Since we are working in the baking environment which has a lot of performance requirements and with several data centers, we are going with the third proposed solution, HPE Distributed Cloud Networking. Through its use we can first of all integrate all the bare metal assets and completely interconnect them, including those geographically distant, hence compacting all the computing power and getting a best performance of those. Then through the VSCs automated management of the network and services in a lower level is done therefore interconnecting the bare metal with the abstracted services which are managed centrally for all the system on the VSD.
This solution allows to consolidate the computational resources and reduce the amount of physical equipment required to achieve the goals the infrastructure is meant to satisfy. Also through the use of the VSD and VSC and HPs specific protocols and technologies, the services can be moved between data centers although all the geographic locations can be thought as one big flat infrastructure.
Regarding Security, since our data center is virtualised and SDN-controlled thanks to HP DCN Solution, it was not so much about which device we would use but which solutions we could integrate with our existent virtualized envirionemnt. Hence we mainly made the security segment with FortiGate-VMX, which is Fortinet’s virtualised Next Generation Firewall (NGFW).
FortiGate-VMX is a specific security solution for VMware environments that provides purpose-built integration for VMware’s Software-Defined Data Center (SDDC), encompassing interoperability with VMware NSX and vSphere, which perfectly fits with our HP DCN solution (which us VMWare SDDC and vShere). Through direct API-integration, FortiGate-VMX has visibility into and can secure virtualised network traffic at the hypervisor level. Unlike traditional deployments where the security virtual appliance is required to be in the flow of traffic to enforce policy, FortiGate-VMX can see traffic as it traverses between the virtual switch port and the virtual NIC (vNIC) of the workload VM itself.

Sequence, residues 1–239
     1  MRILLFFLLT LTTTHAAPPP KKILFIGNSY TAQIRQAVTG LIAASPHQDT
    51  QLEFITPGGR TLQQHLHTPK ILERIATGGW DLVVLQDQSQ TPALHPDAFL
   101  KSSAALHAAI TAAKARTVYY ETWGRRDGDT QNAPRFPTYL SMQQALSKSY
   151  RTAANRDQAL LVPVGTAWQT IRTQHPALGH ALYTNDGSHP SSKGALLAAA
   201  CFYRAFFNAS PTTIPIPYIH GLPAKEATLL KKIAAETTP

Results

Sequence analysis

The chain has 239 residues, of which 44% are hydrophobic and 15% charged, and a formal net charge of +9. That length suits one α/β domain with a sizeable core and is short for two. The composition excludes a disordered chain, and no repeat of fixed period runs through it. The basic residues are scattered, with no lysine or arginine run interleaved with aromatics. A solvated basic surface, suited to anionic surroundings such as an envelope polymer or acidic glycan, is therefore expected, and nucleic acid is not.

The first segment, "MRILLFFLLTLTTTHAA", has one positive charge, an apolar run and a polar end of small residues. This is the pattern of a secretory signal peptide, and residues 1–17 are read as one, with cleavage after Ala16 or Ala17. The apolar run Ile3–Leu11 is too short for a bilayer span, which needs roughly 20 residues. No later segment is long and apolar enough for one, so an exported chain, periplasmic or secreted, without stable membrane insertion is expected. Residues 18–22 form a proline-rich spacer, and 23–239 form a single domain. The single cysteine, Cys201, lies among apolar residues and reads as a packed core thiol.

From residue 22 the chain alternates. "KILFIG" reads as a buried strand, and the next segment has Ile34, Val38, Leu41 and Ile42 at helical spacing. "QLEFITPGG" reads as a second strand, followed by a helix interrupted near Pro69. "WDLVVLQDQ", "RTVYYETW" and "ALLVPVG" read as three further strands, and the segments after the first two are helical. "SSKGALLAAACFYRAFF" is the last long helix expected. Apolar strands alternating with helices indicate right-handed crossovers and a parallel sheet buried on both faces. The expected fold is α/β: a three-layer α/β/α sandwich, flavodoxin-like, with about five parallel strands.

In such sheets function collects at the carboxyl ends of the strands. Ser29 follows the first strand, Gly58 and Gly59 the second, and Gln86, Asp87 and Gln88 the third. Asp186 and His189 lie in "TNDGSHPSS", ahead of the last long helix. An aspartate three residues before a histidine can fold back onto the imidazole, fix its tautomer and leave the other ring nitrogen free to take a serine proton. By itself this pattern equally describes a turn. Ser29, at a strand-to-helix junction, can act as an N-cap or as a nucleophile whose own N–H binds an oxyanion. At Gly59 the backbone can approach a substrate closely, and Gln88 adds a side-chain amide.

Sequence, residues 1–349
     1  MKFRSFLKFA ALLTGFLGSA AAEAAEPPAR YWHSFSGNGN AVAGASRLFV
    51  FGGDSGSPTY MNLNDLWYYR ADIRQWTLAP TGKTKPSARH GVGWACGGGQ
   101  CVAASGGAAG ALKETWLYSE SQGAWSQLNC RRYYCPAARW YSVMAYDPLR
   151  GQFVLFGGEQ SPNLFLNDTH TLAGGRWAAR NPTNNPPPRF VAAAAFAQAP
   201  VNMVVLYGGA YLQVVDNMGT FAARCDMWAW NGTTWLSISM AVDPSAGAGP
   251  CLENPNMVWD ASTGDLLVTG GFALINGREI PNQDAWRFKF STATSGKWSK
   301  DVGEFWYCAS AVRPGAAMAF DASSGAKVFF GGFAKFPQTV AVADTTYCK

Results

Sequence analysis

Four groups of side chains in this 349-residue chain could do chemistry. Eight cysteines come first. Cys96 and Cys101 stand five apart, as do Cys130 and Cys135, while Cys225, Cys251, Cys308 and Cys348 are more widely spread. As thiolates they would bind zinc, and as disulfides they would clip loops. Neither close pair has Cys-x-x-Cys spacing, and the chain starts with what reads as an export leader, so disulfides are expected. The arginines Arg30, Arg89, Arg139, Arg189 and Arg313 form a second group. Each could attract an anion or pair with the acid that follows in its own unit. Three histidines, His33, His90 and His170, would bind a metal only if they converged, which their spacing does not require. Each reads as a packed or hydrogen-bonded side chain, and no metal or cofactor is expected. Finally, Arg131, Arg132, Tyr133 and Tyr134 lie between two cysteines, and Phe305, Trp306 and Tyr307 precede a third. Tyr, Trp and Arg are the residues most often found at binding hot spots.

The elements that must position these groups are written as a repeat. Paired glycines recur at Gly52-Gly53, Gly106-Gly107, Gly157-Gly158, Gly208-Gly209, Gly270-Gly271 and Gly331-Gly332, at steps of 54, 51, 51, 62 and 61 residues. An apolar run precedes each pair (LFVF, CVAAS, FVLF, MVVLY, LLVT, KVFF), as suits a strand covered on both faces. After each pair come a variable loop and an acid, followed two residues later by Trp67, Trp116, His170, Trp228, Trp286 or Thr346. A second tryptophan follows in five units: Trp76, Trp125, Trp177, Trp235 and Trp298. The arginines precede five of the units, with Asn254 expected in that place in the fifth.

But FortiGate-VMX is not only a NGFW, since it can comprise other services from FortiGuard Security Services. FortiGuard is a wide range of security functions which can be deployed with its equipment. Those who can be implemented with FortiGate-VMX are NGFW, Antivirus, Web Filtering, FortiSanbox Cloud (IDS for the cloud), Application Control, Mobile Security, IP Reputation and Anti-botnet Security.
FortiGate-VMX also disposes of Fortinet’s Virtual Domain technology. By defining separate Virtual Domains in combination with VMWare’s security groups, segmentation of security functions and enablement of multi-tenancy is enabled. Mapping NSX Service Profiles to Fortinet VDOMs segregates policies to be enforced for specific traffic flows. This model reduces the added complexity of registering a specific security solution for each tenant hosted in the environment. Furthermore, any additions or other changes to these Security Groups in the NSX Manager will be automatically associated with the proper FortiGate-VMX security policy without requiring any manual changes in the FortiGate-VMX Service Manager. Not only changes, but new VM workloads are automatically associated to their proper security policy in real-time upon creation, avoiding lag-time or human error caused by manual intervention.
Regarding the QoS setup, is not always the best solution to actually guarantee the QoS requirements of the network. In the concrete case of a banking related data center we need to apply some specific QoS techniques in order to lower the latencies of sensitive traffic as much as possible although those will be very specific applications.
In a general sense we’ll mostly focus on guaranteeing that there is no congestion on the network and that the throughput at all its points is the required for the actual demand and QoS requirements. Hereby, we’ll oversize the bandwidth on the critical points to make it harder for elephant traffic generated delay to even happen. Also congestion detection mechanism and most of all ECN Marking will be applied. The last one allows to detect congestion and reduce transmission rate before packets get dropped by the network hence improving the network performance by preventing retransmissions.
As it’s been said, by being in a banking environment, it will mostly have some really sensitive applications as stock trading ones which require a special treatment hence requiring the implementation of QoS mechanisms “per se”. In those cases, it is important to keep the network configuration as clean as possible. Police ingress traffic would queue packets based on DSCP or 802.11p markings. Application aware processing which is appearing a lot in recent software for network devices would be best implemented on hypervisors (which we have great tools for in VSphere or in the DCE infrastructure) or end hosts and not in the ToR switch.